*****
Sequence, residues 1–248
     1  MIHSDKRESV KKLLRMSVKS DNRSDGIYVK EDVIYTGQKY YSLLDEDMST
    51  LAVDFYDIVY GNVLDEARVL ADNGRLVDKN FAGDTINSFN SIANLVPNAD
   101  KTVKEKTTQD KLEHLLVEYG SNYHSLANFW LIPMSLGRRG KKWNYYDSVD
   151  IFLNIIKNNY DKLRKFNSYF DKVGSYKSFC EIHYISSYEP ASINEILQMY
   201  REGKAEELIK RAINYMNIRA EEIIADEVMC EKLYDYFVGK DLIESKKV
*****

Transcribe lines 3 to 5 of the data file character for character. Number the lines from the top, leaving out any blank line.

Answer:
    51  LAVDFYDIVY GNVLDEARVL ADNGRLVDKN FAGDTINSFN SIANLVPNAD
   101  KTVKEKTTQD KLEHLLVEYG SNYHSLANFW LIPMSLGRRG KKWNYYDSVD
   151  IFLNIIKNNY DKLRKFNSYF DKVGSYKSFC EIHYISSYEP ASINEILQMY